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Mother to child transmission of HIV-1 in a Thai population: role of virus characteristics and maternal humoral immune response.

Author(s): Kittinunvorakoon C, Morris MK, Neeyapun K, Jetsawang B, Buehring GC, Hanson CV

Affiliation(s): Division of Infectious Diseases, School of Public Health, University of California, Berkeley, CA 94720-7354, USA.

Publication date & source: 2009-05, J Med Virol., 81(5):768-78.

Publication type: Randomized Controlled Trial; Research Support, Non-U.S. Gov't

The objective of this study was to investigate factors influencing mother to child transmission of HIV-1 in Thailand, where HIV-1 CRF01_AE, the major subtype in Southeast Asia, predominates. Samples from 84 HIV-1 infected, anti-retroviral treatment-naive, non-breast feeding mothers, 28 who transmitted HIV-1 to their babies (transmitters) and 56 who did not (non-transmitters), were studied for maternal humoral immune response and virus characteristics. Maternal humoral immune response was measured by lymphocyte phenotyping; neutralizing antibodies to laboratory HIV-1 MN strain and two clinical isolates; peptide binding antibody to gp41 and V3 from strains CRF01_AE, B, and MN; autologous antibodies; and quasispecies diversity. Virus characteristics studied were viral load, co-receptor usage, and viral replication capacity. No significant difference between transmitters and non-transmitters was found for any parameter of maternal humoral immune response. However, viral load and viral replication capacity were significantly higher in transmitters versus non-transmitters and were not correlated with each other. This suggests that viral replication capacity may be a transmission factor independent of viral load, which is already well established as a risk factor for transmission of HIV-1. All except four viral isolates used the CCR5 co-receptor. This is one of few studies of vertical transmission in a population where HIV-1 CRF01_AE predominates. The data suggest that in this population the maternal humoral immune response was not important in preventing transmission at parturition, but that virus characteristics were key factors, and that viral replication capacity may contribute to birth-associated mother to child transmission of HIV-1. Copyright 2009 Wiley-Liss, Inc.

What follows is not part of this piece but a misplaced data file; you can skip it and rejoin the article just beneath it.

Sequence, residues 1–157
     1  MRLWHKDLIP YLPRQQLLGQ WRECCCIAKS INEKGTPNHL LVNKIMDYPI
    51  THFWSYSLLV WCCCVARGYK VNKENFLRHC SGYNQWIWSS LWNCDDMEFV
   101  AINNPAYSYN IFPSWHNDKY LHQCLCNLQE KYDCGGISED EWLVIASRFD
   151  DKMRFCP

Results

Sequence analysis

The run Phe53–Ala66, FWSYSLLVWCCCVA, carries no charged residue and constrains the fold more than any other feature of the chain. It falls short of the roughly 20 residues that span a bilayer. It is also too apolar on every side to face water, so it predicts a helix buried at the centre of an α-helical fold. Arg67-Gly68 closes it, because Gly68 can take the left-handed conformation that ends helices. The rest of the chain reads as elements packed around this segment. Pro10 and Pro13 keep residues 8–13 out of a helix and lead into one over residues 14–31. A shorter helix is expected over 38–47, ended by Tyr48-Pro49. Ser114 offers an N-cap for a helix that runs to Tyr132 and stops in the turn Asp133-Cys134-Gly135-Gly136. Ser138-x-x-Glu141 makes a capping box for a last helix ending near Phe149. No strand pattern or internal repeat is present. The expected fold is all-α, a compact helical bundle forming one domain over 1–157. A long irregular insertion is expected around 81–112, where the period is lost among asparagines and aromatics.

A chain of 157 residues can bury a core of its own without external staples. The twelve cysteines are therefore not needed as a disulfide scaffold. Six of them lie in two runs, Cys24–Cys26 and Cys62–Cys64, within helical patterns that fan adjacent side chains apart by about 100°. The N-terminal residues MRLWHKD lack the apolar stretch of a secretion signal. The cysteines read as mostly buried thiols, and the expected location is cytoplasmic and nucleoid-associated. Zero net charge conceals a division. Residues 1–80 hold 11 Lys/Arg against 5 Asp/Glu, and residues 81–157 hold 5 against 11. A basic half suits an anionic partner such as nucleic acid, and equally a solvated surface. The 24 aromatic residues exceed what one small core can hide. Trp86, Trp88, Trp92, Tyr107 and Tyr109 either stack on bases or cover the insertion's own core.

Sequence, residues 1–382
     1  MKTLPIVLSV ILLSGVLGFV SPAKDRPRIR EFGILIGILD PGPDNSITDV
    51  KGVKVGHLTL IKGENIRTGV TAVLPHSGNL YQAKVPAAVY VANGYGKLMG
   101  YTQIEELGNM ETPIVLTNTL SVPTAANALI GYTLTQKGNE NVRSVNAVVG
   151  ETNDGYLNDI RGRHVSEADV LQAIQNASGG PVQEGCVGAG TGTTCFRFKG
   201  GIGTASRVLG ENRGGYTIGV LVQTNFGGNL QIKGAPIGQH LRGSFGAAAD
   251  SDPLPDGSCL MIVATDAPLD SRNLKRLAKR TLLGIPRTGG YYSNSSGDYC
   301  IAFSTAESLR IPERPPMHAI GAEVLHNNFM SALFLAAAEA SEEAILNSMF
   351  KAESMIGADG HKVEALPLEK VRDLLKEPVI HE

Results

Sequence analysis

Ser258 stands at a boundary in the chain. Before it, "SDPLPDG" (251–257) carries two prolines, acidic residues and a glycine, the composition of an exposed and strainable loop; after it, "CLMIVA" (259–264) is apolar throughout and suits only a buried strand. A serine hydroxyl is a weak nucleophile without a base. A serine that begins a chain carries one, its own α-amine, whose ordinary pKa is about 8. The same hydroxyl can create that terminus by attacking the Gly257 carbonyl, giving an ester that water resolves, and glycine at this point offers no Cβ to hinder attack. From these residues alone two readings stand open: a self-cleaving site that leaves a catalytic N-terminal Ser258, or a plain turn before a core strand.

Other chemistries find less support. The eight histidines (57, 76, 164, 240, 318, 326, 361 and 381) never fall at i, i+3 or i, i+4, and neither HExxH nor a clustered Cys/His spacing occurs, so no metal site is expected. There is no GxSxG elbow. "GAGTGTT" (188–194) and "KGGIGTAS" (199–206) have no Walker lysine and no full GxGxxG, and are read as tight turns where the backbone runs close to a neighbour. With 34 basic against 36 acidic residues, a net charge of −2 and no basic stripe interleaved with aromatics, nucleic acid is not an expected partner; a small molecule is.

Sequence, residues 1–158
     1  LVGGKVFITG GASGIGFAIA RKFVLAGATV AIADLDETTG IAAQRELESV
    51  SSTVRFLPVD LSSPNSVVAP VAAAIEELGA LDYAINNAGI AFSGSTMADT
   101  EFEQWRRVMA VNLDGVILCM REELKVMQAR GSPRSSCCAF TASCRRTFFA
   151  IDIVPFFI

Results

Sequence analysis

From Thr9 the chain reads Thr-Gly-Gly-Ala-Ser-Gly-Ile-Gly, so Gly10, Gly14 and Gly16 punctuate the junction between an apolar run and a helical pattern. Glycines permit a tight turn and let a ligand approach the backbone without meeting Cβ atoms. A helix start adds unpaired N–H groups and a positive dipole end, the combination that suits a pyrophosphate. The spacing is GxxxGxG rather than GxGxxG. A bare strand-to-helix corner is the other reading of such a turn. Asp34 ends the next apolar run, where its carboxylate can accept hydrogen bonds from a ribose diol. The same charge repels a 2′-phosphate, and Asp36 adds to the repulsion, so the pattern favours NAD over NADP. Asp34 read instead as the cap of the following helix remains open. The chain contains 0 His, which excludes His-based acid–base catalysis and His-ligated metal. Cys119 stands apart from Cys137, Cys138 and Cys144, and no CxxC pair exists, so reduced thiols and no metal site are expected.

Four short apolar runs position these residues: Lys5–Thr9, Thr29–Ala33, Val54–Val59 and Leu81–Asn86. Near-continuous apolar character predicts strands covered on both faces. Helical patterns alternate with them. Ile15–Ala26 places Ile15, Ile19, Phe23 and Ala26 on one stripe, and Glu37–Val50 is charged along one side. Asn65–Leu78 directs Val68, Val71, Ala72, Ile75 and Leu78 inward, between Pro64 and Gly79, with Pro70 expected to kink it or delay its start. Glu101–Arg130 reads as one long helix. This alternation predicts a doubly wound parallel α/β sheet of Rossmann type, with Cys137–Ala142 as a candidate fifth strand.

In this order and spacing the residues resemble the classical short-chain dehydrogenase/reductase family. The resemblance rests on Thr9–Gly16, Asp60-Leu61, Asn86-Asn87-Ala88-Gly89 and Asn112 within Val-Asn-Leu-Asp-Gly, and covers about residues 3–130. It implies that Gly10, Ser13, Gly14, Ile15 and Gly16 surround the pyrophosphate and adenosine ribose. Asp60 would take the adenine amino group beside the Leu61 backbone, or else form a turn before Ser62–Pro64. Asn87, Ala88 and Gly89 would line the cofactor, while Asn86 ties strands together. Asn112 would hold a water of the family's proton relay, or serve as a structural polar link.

Page last updated: 2009-10-20

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